TULSA AUTOMOTIVE MANUFACTURING
In the early twentieth century, as Americans made a transition from horse-drawn buggies and wagons to motorcars and trucks, automobile manufacturing emerged in Oklahoma. Before the making of cars became an organized process under Henry Ford’s tutelage, a few creative individuals were producing various models. For instance, in 1909 an independent automaker briefly operated a shop in Frederick in Tillman County. Soon larger-scale, assembly-line factories began to appear in the state.
In June 1917 a group of Oklahoma City business leaders, headed by James M. Aydelotte of the State Board of Affairs and Floyd Thompson of the Ozark Trails Highway Association, formed the Midland Motor Car and Truck Company. They sold stock in order to construct a plant south of town; they planned to make the Oklahoma Six passenger car and a truck called the Ozark. They anticipated producing three cars and seven trucks per day. However, World War I interrupted the plans. The plant was constructed in 1918, and in October it began making trucks under a U.S. Army contract. After the war the company had to be reorganized due to financial mismanagement and the indictment of two of its stock salesmen for embezzlement. The federal contract was cancelled. In October 1919 the Wichita Motors Company, a Texas concern that manufactured trucks, bought the plant and produced the Wichita model truck there, into 1922.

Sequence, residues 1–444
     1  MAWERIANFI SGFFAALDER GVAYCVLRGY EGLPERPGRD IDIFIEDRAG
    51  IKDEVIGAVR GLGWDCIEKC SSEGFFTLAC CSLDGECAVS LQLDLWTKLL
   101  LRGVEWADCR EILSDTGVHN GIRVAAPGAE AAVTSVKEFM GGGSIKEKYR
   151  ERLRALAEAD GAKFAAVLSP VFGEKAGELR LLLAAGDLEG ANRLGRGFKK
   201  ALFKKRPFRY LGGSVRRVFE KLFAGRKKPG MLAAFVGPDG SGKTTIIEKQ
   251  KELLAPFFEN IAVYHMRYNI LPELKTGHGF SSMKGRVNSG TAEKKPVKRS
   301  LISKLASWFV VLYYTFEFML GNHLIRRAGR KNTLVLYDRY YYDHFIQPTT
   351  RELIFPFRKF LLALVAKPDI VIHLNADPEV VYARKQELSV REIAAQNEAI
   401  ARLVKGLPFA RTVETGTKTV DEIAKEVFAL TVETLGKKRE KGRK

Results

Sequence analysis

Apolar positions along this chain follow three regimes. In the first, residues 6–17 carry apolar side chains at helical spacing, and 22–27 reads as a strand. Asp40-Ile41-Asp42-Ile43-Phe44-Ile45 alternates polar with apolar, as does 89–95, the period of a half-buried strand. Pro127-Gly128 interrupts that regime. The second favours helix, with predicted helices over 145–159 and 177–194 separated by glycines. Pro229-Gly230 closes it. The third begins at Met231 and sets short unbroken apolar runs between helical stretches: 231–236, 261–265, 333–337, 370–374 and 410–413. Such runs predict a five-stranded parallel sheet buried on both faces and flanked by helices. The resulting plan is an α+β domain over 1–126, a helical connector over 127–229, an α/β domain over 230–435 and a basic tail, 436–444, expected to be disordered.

Similarly, other small manufacturers produced automobiles in the early part of the twentieth century. Oklahoma Auto Manufacturing Company, established in a factory near Okay and North Muskogee in 1915 by C. E. Harris, built heavy-duty O. K. oil-field trucks in the World War I era. The operation folded during the Great Depression. In the 1910s and 1920s the W. R. Lantz Manufacturing and Supply Company of Muskogee made car and truck bodies, as well as bodies for hearses and ambulances. In Enid, William C. Allen and other entrepreneurs from around the state established the Geronimo Motor Company and incorporated it in mid-1917. By June of that year the firm had taken orders for fifty cars, and by September a thirty-thousand-square-foot factory had been constructed. It made tractors, a roadster, and a five-passenger, full-size automobile. After building one thousand cars that were distributed by agencies in Kansas, Nebraska, West Texas, and Oklahoma, Geronimo ended production in 1920 when the factory burned. The Tulsa Automobile Corporation capitalized in 1917 at $2 million with T. J. Hartman, president of the Producers State Bank of Tulsa, as president. Grant Stebbins, of the Gladys Bell Oil Company, was a director. By 1918 the company was producing the “Tulsa Four,” a thirty-five-horsepower automobile. It was available with a four-cylinder engine and by 1921 with a six-cylinder. The factory produced ten cars per day that were distributed through dealers in Tulsa and Oklahoma City.